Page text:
The evening of Monday, July 11th, I gathered some pencils for tracing, grabbed some cold Topo Chicos and put on some clothes I didn't mind getting paint on. I picked up Jeff and his projector and drove to Fabian's garage. Dana met us there. We put my laptop on a ladder, rigged up extension cords out to it and the projector and adjusted it til the arrows were just right.  Jeff had to help me with a setting that stopped my laptop from going to "sleep" every 5 minutes. We used the pencils to do a light trace around the entire design, just in case we didn't get finished that night.  Then it was time to lay down the paint.

I had to ignore the fear that I was about to ruin Fabian's building.

One thing I hadn't thought about was the fact that the wall was corrugated metal. That means it's wavy, and varies in depth. We were painting straight arrows on a wavy wall. If I'd really thought about this beforehand, I wouldn't have gone through with it. But I literally didn't think about it until I started laying the paint on. I had a flash of panic, envisioning wavy, unintelligible arrows that looked like wiggly mush from far away. But again, here we all were and I had committed to not doubting.  I reminded myself an important lesson I'd learned when I used to do clothing alterations for people: trust what the materials are telling you, even if it doesn't make sense to your logical mind. As long as we painted what the projector was showing us, it should look right.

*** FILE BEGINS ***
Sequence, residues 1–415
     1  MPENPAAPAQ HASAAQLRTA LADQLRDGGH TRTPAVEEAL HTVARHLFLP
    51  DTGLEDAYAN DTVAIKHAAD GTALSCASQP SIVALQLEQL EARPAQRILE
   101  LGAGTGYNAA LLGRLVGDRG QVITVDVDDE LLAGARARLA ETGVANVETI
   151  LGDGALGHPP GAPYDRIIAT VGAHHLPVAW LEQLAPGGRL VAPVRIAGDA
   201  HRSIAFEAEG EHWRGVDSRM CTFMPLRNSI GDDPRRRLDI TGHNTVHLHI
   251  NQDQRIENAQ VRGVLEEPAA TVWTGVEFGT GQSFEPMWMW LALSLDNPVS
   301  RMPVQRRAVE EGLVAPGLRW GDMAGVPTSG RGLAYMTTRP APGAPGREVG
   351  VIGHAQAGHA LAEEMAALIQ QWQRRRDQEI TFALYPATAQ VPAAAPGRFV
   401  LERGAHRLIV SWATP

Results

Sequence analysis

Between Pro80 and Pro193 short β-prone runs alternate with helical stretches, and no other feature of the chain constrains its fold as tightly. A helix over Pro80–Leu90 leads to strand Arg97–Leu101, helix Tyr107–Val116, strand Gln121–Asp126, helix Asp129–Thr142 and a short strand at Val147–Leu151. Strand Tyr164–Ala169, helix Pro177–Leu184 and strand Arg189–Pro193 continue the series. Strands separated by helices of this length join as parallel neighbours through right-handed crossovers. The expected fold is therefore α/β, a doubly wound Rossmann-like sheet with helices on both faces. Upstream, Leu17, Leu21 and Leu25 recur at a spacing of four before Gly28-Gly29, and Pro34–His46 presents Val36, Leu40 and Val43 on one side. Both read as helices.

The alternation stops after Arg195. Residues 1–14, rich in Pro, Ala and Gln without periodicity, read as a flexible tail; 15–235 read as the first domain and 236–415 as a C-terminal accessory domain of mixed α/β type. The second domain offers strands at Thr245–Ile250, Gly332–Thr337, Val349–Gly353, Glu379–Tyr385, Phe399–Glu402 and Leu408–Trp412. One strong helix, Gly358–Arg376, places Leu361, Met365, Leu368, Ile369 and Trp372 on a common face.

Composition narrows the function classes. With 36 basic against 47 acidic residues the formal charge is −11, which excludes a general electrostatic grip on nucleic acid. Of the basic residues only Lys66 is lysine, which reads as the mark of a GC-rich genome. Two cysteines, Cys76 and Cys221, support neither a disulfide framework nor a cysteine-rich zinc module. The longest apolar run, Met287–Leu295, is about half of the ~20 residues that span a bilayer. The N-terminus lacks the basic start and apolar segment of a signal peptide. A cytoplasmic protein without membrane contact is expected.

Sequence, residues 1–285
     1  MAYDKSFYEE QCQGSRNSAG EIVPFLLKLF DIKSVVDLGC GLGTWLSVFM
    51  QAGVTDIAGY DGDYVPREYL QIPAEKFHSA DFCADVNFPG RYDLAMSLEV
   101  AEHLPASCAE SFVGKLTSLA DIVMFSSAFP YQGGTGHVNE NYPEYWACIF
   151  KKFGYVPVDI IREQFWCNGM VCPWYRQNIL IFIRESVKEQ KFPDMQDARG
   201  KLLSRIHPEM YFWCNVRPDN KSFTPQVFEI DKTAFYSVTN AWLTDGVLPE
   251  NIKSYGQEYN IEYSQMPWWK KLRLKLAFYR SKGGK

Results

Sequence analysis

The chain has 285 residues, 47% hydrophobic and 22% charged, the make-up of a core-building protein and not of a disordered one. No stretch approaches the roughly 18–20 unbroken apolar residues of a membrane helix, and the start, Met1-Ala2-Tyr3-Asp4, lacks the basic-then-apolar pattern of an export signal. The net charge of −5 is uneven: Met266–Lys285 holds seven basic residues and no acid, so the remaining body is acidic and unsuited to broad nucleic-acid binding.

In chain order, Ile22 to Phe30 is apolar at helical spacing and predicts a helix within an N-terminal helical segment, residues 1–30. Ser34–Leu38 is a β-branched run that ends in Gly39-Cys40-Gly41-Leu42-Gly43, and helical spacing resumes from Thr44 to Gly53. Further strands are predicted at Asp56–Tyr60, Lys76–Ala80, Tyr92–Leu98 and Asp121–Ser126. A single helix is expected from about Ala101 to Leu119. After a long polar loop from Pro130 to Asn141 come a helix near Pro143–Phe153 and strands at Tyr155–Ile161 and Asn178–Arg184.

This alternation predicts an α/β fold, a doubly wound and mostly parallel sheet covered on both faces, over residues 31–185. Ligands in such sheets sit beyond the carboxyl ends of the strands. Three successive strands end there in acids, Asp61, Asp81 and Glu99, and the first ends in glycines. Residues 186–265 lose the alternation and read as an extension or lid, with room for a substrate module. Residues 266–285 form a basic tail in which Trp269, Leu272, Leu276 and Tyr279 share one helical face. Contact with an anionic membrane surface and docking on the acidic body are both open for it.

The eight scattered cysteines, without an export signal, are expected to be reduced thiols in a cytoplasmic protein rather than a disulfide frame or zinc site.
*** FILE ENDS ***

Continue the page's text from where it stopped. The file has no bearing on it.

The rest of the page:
I took a deep breath and smeared some black paint on the white wall.  

We were going to make this work.  We had to.